Head of the Class | Published in May 2009

Over the Falls?

It could be both the best and worst of times for fixed income.

By John Keefe | May 2009
Page 1 of 4 View Full Article
Illustration By John Hendrix

"It was the best of times, it was the worst of times, it was the age of wisdom, it was the age of foolishness, it was the epoch of belief, it was the epoch of incredulity, it was the season of Light, it was the season of Darkness, it was the spring of hope, it was the winter of despair, we had everything before us, we had nothing before us." So, in the opening passage of A Tale of Two Cities, Charles Dickens described the turbulent time of the late 1700s, and likened it to his world in 1859.

The credit markets of 2009 are similarly a puzzle and paradox. Core-plus strategies have fallen far short of lower-octane core portfolios. Yields in some bond market sectors are at record highs, others at their lowest in centuries. One market is calling for deflation, while others fear soaring inflation from large government deficits. Yet, for the predominant bond holding of pension plans—investment grade corporates—managers see a spring of hope, with everything before them.

During the tumult in the stock markets of 2008 and 2009, bonds worked as they should—or at least many did—and ­cushioned the losses in equities. U.S. Treasury bonds, both long and short durations, made strong gains for the year (see chart, next page, illustrating 10 years of annual returns for several bond market sectors).

"We've seen a flight to quality, one of the strongest in history," notes Mercer Investment Consultant Terry Dennison, stationed in Los Angeles. "Long Treasurys were up 30% last year, and yields have dropped to very low levels," he adds.

"In late 2007, 2008, and going into 2009, you wanted to err on the side of greater liquidity, rather than trying to add return through credit risk," says Gary Madich, Head of JPMorgan Asset Management's Columbus, Ohio, Fixed Income Operation, which runs the firm's core strategy.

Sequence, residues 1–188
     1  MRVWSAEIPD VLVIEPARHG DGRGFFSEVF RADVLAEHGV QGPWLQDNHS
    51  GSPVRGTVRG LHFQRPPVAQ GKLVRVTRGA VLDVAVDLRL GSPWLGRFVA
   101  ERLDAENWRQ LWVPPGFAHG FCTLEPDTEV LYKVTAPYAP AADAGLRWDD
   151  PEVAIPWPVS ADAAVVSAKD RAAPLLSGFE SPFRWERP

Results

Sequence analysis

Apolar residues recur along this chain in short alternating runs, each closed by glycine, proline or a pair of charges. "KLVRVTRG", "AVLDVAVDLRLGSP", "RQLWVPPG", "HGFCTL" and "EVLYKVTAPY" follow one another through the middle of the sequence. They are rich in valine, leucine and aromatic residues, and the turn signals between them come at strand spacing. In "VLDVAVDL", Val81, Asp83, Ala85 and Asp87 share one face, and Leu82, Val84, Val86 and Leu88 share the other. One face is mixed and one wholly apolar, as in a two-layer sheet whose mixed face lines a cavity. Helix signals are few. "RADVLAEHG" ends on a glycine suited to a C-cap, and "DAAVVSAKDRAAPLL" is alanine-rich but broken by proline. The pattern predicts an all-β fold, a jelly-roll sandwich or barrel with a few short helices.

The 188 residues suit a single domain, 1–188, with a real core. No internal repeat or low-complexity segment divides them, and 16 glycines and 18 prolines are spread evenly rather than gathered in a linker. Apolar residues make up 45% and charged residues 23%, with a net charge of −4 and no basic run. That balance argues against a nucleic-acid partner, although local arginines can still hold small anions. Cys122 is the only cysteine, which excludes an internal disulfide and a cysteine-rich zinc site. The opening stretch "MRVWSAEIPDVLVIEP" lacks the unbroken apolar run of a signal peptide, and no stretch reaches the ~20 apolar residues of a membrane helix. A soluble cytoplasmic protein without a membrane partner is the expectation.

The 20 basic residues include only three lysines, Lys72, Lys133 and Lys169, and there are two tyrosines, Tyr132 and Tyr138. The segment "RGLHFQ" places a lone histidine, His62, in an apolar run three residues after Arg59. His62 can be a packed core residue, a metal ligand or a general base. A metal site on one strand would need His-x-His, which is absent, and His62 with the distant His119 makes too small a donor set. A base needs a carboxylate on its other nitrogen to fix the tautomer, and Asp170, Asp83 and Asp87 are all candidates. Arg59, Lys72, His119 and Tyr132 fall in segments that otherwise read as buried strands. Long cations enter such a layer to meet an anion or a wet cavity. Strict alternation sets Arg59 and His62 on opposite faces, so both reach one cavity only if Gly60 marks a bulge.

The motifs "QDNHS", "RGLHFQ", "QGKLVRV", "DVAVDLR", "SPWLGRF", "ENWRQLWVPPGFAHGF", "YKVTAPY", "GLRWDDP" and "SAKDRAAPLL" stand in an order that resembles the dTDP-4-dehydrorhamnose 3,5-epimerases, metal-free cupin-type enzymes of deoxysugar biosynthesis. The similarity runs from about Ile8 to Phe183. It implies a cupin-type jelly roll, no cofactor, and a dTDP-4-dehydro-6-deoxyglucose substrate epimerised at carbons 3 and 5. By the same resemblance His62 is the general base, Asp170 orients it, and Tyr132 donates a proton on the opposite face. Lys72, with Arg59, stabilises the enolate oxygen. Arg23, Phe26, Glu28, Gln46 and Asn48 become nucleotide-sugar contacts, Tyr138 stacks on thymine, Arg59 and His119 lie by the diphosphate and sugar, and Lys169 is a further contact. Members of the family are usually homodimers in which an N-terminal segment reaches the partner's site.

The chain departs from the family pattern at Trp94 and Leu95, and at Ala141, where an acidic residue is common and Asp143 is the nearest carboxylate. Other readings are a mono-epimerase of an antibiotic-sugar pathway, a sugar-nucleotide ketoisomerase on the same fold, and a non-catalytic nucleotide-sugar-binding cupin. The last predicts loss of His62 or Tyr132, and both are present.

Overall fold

Disappointment arose in the credit sectors: The Barclays Capital (née Lehman Brothers) Credit Bond Index was off 3% for the year, while the firm's index of high-yield bank loans, not shown on page 59, was down 29%—nearly as much as ­equities. "Exposure to credit and other spread sectors in the past 18 months have wiped out [more than] 20 years of excess returns in bonds," observes Marko Komarynsky, Head of Fixed-Income Manager Research for Watson Wyatt Worldwide.

While fixed-income managers braved the markets, institutions staged a retreat, slowing their searches and hiring. In the worlds of both core and core-plus, ­investors both added and withdrew about $25 billion to each during the year, most of which moved in the first half, according to eVestment Alliance.

Long-duration strategies that underpin most implementations of liability-­driven investing (LDI) grew considerably, however, adding about $40 billion in net new capital to the category's $260 billion in assets at the start of the year. Firms scoring big wins in long duration include Wellington, BlackRock, PIMCO, Goldman Sachs, and NISA Investment Advisors. "Sponsors are getting closer to pulling the trigger on LDI," says Madich. "It's becoming a real-live discussion, certainly in the corporate world and, with the funding concerns of public plans, I think there will be an opportunity there as well."